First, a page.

The highlight, though, was the monumental upset of Army, spearheaded by the passing tandem of quarterback Gus Dorais and end Knute Rockne, who had starred on the track team. The pass had been legal in NCAA football since 1906, but eschewed by most everyone because it appeared to be too much of a gimmick and was the antithesis of the ruggedness required in the game.
For Harper, though, status quo was not the way Notre Dame was going to separate itself from the hundreds of schools playing football. It was already going outside a comfort zone by scheduling nationally. The next step was to distinguish itself by its play on the field.
Notre Dame jolted Army early with a 25-yard touchdown pass from Dorais to Rockne for a 7-0 lead, but the aerial attack was barely used the remainder of the half, which saw the Catholics cling to a 14-13 edge. In the second half, Harper had Dorais winging the football with regularity, and his timing and accuracy left Army befuddled, thereby also opening up huge holes for fullback Ray Eichenlaub, who scored twice on running plays, and Joe Pliska catching a five-yard scoring toss from Dorais.
Reports vary, but it is generally agreed that the 5-7, 145-pound Dorais completed 14 of 17 passes for 243 yards with two touchdowns, ungodly numbers back then.
Wrote the New York Times: "The yellow leather egg was in the air half the time, with the Notre Dame team spread out in all directions over the field waiting for it. The Army players were hopelessly confused and chagrined before Notre Dame's great playing, and [Army's] style of old-fashioned, close line-smashing was no match for the spectacular and highly perfected attack of the Indiana collegians."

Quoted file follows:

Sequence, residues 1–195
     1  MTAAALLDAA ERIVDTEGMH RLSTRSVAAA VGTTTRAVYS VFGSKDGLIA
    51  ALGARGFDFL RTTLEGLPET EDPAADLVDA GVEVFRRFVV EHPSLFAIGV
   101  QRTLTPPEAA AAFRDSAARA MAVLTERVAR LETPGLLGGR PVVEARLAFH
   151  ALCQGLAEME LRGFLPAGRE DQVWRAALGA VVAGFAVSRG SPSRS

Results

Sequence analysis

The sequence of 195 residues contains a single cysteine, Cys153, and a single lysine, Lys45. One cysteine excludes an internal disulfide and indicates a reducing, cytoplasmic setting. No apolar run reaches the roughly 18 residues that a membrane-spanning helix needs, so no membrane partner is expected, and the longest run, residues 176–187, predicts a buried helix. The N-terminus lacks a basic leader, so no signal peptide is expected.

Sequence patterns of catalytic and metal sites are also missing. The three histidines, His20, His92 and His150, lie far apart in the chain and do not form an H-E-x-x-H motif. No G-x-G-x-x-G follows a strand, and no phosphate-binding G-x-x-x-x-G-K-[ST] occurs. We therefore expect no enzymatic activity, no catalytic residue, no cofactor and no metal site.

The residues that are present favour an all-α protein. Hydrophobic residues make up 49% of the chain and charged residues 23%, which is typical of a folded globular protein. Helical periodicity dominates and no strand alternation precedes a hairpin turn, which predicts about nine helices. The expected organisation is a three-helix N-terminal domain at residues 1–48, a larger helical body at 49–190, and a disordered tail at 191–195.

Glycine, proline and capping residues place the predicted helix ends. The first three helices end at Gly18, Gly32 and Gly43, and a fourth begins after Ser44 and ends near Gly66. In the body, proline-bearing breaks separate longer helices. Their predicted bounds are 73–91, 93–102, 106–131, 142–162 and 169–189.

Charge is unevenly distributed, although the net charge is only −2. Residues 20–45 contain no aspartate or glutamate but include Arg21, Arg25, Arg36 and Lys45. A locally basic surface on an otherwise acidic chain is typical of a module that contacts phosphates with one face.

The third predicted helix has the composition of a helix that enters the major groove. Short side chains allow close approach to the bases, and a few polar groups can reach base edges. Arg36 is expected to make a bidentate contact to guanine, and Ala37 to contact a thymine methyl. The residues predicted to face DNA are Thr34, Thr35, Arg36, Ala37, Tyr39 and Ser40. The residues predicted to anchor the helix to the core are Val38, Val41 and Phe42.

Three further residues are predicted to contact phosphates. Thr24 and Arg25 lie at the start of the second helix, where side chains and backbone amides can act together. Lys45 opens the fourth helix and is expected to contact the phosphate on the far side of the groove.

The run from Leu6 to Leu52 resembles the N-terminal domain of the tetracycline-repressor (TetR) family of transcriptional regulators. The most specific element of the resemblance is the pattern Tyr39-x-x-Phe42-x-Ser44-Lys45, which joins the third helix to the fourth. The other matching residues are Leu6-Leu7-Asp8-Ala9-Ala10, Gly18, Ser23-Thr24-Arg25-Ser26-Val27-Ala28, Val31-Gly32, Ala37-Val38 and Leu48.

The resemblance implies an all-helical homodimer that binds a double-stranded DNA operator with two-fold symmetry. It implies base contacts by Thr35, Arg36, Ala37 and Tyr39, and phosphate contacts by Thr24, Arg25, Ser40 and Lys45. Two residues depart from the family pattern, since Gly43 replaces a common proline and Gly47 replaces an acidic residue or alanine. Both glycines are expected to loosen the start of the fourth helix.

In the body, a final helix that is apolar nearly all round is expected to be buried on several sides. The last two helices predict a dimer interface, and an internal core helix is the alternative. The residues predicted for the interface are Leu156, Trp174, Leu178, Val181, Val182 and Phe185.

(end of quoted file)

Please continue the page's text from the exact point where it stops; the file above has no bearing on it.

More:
Notre Dame's receivers caught their passes on the run while Dorais "tossed the football on a straight line for 30 yards time and time again," according to The Times.
During the turn of the millennium in 2000, ESPN featured a countdown of the "Greatest Coaching Decisions of the 20th Century." Harper's strategy of using the forward pass at Army in 1913 ranked No. 6 in any sport -- and No. 1 in college football.
Until 1913, only two All-Americans had been recognized at Notre Dame. After the 1913 season, Dorais, Rockne and Eichenlaub eclipsed that figure by more than 100 percent.
The football team's nickname "Catholics" would eventually change to "The Ramblers" during the Rockne era (1918-30) because of the many travels across the country. But the tradition originated in 1913 under Harper, who the following season would make the graduated Rockne his right-hand man as an assistant.
In fact, almost all that has made Notre Dame Football one of the United States' most popular brands in 2013 can be traced back 100 years ago to the events of 1913.
-- Lou Somogyi, Blue & Gold Illustrated